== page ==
Plato and Aristotle did not arrive at the relationship between truth and world of experience on their own. They inherited their concepts of knowledge and truth from a tradition that went back at least 300 years to Pythagoras of Samos--a tradition deeply rooted in mathematics as the purest form of knowledge and the language underlying the observed universe. Pythagoras had taken the ancient set square, used to true up the perpendiculars in the construction of temples and palaces for thousands of years, and had proven a universal relationship existed in the proportions of the lengths of the sides associated with the right angle. He had proven that the sum of the areas of squares constructed with the two shorter sides always equalled the area of the square constructed using the hypotenuse. The Pythagorean Theorem was the archetype of knowledge and truth. Here was a product of reason deeply tied to the world of experience and nature that we all share. Here was a fact consistent with every observation, from the crystalline structures of naturally occurring elements to the tools used to construct the pyramids. Here was a theorem revealing--through correspondence or coherence or both--eternal relationships in the structure of the universe that could be used to predict and build. By the time of Plato, Euclid had expanded on Pythagoras' work and published his system of geometry and geometric proofs. 
A common modern definition of knowledge is "justified, true belief." There are three elements to this definition. To qualify as knowledge, a proposition has to be something in which we believe. Mere belief is a pretty low bar. We all have beliefs. We disagree with each other about whose beliefs are better or more true. Knowledge must rely on something more. Another element in our definition of knowledge is that it must be justified belief. That is somewhat better than belief alone--by adding the requirement for justification, we have to be able to offer reasonable grounds for our belief. But even this is not enough, as we can all offer reasons to believe things that are different from and inconsistent with what others have reason to believe. There must be a stricter requirement to differentiate knowledge from belief, and that leads us to the requirement for truth. When we say that something qualifies as knowledge because it is justified true belief, the assertion of truth is a claim about the relationship between the proposition we are considering and the world of experience that we all share. We are asserting that the proposition corresponds with the world of experience or is coherent with the world of experience, or both, in the same way as the Pythagorean Theorem.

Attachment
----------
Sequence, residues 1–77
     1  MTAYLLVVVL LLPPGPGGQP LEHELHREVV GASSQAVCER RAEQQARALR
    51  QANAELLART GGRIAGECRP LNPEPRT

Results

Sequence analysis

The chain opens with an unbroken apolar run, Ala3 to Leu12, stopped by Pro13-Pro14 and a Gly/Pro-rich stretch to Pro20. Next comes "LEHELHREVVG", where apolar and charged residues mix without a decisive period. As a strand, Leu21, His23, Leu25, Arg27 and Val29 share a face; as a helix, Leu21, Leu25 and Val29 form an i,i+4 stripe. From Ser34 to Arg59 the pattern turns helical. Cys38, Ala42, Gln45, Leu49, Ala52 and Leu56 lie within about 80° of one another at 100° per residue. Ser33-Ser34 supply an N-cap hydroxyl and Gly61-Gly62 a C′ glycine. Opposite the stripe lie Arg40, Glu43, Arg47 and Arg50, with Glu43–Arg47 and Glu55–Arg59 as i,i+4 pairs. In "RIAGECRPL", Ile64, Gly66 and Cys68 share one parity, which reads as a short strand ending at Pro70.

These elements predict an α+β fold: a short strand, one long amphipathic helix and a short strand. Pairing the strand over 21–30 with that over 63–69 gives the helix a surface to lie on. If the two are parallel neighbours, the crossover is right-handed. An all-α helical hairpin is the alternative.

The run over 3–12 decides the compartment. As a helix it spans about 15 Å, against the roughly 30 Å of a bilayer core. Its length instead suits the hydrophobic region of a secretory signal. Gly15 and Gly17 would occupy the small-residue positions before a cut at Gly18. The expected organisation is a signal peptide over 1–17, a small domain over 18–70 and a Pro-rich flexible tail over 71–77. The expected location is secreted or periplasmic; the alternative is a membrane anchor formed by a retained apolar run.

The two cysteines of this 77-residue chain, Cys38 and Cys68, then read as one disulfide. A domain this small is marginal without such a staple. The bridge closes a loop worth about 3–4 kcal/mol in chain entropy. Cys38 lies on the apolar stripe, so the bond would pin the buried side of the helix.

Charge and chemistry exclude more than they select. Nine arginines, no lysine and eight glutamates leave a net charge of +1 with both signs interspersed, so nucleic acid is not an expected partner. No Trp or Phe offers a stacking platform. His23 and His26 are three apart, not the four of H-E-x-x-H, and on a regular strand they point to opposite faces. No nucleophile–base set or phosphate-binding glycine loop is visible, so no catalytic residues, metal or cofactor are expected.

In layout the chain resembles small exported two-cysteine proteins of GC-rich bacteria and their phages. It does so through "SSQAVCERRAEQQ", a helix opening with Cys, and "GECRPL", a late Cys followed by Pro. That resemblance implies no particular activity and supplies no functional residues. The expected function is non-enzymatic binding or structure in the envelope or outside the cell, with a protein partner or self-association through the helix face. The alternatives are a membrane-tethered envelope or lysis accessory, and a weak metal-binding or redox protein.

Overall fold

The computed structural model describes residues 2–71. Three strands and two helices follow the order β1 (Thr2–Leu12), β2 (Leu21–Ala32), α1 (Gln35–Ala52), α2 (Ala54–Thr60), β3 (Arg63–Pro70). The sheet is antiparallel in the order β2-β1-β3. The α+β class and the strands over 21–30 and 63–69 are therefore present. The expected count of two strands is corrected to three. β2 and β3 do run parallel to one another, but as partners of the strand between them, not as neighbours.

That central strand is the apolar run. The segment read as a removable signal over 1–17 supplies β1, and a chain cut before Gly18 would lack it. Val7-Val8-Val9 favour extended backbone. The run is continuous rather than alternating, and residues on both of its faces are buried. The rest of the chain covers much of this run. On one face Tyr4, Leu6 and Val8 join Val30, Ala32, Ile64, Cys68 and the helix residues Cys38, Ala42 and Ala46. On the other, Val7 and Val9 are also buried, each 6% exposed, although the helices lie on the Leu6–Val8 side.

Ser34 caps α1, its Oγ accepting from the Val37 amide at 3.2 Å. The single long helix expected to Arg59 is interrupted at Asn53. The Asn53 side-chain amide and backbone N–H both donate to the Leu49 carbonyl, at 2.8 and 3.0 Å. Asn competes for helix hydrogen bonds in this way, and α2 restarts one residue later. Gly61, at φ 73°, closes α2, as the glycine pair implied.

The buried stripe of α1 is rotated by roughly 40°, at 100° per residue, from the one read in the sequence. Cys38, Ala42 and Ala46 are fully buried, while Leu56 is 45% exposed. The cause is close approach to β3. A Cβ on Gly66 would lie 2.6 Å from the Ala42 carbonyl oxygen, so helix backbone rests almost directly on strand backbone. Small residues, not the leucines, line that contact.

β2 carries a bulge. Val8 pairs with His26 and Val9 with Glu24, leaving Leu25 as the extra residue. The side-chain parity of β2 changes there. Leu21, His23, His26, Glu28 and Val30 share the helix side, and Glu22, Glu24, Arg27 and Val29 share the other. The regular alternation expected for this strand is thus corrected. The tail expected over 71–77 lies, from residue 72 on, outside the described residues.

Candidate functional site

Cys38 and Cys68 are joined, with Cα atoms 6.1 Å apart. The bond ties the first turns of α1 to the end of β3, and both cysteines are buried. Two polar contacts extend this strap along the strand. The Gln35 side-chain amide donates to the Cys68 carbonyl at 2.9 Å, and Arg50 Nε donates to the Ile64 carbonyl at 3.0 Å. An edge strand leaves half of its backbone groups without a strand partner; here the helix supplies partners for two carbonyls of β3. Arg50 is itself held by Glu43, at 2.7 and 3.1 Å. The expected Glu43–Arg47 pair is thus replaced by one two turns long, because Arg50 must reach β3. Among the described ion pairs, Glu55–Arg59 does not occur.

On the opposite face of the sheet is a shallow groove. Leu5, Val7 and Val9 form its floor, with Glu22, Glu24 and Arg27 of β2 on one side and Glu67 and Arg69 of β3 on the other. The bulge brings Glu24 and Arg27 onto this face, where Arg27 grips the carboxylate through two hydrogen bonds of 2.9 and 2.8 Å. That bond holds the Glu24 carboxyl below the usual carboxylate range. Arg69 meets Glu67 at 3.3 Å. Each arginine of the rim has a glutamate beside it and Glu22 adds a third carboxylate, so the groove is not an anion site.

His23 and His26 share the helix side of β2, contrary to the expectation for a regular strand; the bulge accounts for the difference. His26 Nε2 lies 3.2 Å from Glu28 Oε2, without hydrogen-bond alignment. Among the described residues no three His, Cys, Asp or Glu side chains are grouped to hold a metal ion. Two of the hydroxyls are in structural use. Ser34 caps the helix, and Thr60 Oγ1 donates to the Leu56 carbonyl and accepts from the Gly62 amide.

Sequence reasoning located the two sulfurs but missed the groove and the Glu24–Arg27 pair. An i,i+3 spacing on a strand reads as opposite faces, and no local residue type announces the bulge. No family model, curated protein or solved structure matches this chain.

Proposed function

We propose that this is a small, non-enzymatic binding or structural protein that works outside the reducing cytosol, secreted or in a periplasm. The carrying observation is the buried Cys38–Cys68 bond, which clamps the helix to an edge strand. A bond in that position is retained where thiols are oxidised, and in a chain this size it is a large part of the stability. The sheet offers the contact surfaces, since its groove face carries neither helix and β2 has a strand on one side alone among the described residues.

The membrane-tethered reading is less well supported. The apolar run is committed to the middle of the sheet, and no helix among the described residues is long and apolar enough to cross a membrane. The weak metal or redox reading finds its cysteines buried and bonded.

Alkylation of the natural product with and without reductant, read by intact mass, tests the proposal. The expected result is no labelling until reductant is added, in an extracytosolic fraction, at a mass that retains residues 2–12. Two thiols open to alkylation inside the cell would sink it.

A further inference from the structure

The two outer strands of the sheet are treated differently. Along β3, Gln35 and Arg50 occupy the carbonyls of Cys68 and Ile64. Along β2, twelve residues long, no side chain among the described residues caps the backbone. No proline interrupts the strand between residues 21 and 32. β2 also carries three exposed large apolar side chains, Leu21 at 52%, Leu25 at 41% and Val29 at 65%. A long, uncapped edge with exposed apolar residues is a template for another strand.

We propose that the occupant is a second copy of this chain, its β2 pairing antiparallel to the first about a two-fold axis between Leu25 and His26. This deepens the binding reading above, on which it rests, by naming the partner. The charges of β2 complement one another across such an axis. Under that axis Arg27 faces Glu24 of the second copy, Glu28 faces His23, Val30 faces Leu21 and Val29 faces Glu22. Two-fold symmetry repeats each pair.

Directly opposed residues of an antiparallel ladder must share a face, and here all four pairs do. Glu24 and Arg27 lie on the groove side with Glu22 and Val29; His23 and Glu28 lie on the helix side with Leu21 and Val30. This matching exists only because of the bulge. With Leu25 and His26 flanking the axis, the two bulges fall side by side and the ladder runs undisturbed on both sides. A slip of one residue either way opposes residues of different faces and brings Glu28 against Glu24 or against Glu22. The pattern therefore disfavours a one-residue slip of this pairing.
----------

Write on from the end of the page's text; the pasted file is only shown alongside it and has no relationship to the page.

Things are not true because we want them to be true, or because someone we like tells us they are true, or even because we all agree that they are (or should be) true. Things are true if and only if they stand in a certain relationship to the world of experience we all share. True things correspond to the world of experience, or are coherent with the world of experience, or both. Since the world of experience, as I am using that term, is a world we all share, then true things are also independently verifiable through their effects, or predicted effects.
 The description of Pythagoras' work is taken from Jacob Bronowski's book The Ascent of Man, and from the BBC television series based on that book.